Drug deals, stalkers, and urban decay are the makings of a great gangster movie. They also make good doo-wop and girl group songs.
For over 20 years, Gabriel Hart has been writing songs about the "nightmarish underbelly" of Southern California for punk bands The Starvations and Jail Weddings.
"The last time you had to fight to be a punk" was 1994, says Hart, who formed The Starvations in Laguna Beach at 16. Bad Religion and Green Day had just released the records that would put them on world tours. But Hart says he and his bandmates were on the Laguna Beach Police Department's gang file.
(The Starvations at 924 Gilman in Berkeley, 2001. Courtesy Gabriel Hart)
The "Orange Country Methamphetamine Renaissance" brought teens together in the 90s, according to Hart. The same kids Hart fought at school would get high at The Starvations' practice house. And not even the "nerds" or "dungeons and dragons crowd" were immune to the drug's popularity in the community.
Hart and Starvations' bassist Jean-Paul Garnier moved to L.A. in 1999, and over the next six years released three albums laden with songs about overdoses, funerals and home invasions. Hart says he's tried to let The Starvations' true stories "live under a rock." You can see excerpts of some of their shows on Youtube.
The Starvations' final show in 2005 sold out the El Cid restaurant in Silver Lake, but the band was forced to sweep the venue after the punks smashed hundreds of glasses on the floor to the beat of "Not Me This Time."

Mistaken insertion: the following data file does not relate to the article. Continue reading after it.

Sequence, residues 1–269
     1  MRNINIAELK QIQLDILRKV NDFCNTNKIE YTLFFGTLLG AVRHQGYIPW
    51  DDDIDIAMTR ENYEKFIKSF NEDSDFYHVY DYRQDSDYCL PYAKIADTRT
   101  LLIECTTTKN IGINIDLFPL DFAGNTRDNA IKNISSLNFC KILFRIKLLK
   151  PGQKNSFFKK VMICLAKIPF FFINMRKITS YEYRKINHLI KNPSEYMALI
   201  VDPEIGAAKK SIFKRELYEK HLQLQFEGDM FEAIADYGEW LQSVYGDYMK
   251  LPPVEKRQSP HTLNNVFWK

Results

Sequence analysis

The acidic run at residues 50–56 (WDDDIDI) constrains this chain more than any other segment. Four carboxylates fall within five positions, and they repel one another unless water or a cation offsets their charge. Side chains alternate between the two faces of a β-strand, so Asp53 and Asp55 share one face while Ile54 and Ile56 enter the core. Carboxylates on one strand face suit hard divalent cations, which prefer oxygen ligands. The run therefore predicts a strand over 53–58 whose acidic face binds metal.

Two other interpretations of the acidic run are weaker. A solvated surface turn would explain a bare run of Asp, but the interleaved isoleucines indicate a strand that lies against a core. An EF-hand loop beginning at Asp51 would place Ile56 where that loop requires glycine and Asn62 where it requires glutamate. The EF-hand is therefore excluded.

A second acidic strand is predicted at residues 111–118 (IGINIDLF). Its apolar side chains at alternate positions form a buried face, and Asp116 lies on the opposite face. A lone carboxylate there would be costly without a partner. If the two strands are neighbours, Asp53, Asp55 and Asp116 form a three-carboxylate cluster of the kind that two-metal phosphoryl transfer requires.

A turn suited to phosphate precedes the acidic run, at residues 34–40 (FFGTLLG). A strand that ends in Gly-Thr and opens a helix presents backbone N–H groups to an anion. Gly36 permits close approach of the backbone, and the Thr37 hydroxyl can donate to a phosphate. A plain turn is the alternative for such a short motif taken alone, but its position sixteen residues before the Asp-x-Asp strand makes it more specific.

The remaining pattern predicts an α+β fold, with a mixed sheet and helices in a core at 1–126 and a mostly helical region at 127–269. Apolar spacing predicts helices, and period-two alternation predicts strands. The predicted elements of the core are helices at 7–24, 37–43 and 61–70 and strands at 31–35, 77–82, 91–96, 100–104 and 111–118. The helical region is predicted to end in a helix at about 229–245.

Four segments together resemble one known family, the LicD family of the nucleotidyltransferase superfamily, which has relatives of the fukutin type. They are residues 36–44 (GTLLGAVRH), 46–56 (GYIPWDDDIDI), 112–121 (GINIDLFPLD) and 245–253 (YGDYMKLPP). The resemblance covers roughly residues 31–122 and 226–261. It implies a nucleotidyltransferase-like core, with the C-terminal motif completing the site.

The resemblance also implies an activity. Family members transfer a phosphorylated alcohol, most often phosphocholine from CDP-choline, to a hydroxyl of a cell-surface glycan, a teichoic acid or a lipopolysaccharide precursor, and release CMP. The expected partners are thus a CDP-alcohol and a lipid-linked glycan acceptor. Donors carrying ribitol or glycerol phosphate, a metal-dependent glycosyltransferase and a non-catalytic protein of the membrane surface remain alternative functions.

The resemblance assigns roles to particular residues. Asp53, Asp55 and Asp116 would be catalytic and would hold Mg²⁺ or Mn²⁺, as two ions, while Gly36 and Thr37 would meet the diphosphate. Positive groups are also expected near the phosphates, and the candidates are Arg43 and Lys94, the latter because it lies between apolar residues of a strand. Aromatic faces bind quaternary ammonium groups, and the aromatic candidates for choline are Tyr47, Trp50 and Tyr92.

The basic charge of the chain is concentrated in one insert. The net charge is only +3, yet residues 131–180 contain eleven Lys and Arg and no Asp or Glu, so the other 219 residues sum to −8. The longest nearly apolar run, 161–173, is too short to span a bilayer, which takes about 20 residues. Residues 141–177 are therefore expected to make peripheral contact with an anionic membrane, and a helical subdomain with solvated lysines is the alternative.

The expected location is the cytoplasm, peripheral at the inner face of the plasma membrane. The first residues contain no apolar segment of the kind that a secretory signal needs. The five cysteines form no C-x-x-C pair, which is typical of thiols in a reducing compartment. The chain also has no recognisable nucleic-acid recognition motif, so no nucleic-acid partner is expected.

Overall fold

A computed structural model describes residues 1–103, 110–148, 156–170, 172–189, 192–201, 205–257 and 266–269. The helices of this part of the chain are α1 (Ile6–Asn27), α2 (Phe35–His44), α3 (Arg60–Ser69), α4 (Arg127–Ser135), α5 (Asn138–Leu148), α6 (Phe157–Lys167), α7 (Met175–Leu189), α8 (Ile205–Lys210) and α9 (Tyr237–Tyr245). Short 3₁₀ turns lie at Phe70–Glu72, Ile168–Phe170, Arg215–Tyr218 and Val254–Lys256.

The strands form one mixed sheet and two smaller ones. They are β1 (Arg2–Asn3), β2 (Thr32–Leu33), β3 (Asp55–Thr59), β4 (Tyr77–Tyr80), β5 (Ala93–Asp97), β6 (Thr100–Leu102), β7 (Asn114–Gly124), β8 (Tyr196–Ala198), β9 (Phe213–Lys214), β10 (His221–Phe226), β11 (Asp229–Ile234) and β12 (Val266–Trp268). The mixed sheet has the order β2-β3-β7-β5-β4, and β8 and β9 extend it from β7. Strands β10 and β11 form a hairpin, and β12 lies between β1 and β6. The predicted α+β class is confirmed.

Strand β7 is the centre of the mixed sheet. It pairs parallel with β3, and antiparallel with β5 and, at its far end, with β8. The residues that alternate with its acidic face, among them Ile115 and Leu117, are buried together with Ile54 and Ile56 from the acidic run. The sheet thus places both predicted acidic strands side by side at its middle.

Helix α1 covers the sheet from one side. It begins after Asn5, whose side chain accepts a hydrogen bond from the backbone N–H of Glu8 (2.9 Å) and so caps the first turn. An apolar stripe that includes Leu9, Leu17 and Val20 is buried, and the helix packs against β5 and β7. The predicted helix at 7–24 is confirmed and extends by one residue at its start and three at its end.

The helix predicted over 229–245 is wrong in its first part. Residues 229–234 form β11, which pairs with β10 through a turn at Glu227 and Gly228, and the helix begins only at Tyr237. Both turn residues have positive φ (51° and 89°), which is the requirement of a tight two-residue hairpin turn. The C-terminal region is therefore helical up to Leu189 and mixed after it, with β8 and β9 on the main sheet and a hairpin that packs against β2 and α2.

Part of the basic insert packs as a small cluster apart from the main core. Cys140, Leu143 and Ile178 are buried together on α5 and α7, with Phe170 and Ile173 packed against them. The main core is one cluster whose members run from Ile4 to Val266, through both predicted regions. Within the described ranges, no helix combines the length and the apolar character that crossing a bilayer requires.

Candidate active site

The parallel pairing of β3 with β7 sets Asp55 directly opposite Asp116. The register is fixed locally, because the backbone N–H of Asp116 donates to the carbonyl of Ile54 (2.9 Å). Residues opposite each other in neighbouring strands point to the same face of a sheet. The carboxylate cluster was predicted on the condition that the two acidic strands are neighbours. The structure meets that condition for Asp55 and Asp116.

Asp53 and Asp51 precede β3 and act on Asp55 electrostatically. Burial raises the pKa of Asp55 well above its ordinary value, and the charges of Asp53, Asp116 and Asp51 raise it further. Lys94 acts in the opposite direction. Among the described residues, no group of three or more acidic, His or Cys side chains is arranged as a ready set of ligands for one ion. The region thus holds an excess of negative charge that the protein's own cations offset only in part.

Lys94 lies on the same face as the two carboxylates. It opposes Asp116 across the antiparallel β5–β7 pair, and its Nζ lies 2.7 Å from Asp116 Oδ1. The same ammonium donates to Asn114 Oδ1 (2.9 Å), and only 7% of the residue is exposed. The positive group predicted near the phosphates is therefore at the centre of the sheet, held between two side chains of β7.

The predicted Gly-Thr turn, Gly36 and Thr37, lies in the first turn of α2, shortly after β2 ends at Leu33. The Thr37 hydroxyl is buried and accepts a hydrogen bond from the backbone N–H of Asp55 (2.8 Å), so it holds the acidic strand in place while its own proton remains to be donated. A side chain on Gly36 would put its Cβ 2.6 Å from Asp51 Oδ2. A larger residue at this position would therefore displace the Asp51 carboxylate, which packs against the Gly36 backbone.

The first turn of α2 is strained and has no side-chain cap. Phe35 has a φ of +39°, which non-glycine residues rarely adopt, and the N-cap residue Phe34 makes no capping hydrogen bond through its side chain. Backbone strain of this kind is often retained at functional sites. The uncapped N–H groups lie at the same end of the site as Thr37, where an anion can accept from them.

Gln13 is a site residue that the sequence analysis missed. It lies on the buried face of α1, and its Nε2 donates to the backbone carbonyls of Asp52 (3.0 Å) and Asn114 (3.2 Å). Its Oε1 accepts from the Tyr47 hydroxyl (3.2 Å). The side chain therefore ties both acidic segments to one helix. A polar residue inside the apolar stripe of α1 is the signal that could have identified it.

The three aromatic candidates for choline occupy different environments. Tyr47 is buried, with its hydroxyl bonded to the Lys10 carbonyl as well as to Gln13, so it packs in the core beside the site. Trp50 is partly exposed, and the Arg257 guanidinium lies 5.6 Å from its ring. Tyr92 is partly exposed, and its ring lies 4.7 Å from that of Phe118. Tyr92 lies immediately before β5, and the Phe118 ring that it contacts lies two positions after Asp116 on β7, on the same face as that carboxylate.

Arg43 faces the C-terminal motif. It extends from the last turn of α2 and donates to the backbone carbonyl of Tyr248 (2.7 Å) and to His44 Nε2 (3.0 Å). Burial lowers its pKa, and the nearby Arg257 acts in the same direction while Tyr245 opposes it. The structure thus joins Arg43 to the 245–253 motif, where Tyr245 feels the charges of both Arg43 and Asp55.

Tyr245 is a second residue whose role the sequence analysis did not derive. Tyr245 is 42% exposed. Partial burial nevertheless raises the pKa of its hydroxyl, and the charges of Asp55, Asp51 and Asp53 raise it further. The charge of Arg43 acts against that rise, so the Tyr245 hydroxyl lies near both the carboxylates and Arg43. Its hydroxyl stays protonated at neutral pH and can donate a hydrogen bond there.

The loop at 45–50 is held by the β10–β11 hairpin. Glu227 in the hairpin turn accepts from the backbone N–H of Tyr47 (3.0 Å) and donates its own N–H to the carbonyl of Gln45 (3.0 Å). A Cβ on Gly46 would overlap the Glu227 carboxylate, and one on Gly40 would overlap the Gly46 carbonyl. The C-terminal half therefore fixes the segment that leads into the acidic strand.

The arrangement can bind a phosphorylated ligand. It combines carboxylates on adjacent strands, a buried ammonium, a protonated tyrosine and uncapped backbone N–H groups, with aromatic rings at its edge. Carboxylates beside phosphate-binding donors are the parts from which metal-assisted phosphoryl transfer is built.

Hart reformed the band on different instruments as a short-lived outfit called Fortune's Flesh. Only a brief demo exists, but the band's dramatic, romantic ballads paved the way for Jail Weddings in 2007.
(Jail Weddings in New York City, 2014. Courtesy Gabriel Hart)
Jail Weddings began as a 10-piece "death doo-wop" pop ensemble. Hart had dreamed of starting such a band for years, and felt the time was ripe, as he noticed a "bearded cancer" of neo-psychedelic garage rock taking over Echo Park.
"A lot of these old pop songs are obsessive to a scary degree," says Hart, who found inspiration in The Shangri-La's, Gene Pitney, and Johnnie Ray. Jail Weddings pay tribute to the "psychosis" of vintage love songs, he says. When he hears Little Peggy March's 1963 ballad "I Will Follow Him," Hart says he thinks of a gang of girls running after him, with knives.
Hart still lives in Echo Park, and says that for all the changes the neighborhood has undergone in the last decade, the area is still dangerous, citing a fatal drive-by shooting in his driveway. But just as L.A. fosters gangsters, it fosters artists.
"I think L.A. — I've always viewed it as an escapist's cradle. It's paradise in a way... it was marketed that way since it first started. People have been coming here for decades to move to a place where they could be whoever they wanted to be, where previously they couldn't... It's always cradled the dispossessed." — Gabriel Hart